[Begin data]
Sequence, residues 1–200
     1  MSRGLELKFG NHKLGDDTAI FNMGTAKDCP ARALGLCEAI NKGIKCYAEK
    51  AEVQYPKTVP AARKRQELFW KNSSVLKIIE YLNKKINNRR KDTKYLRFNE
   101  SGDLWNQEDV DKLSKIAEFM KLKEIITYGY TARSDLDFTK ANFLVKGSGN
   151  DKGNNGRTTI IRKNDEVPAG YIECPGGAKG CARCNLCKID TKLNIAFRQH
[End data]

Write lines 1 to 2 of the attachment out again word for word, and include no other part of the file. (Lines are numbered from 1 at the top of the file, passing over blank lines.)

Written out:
Sequence, residues 1–200
     1  MSRGLELKFG NHKLGDDTAI FNMGTAKDCP ARALGLCEAI NKGIKCYAEK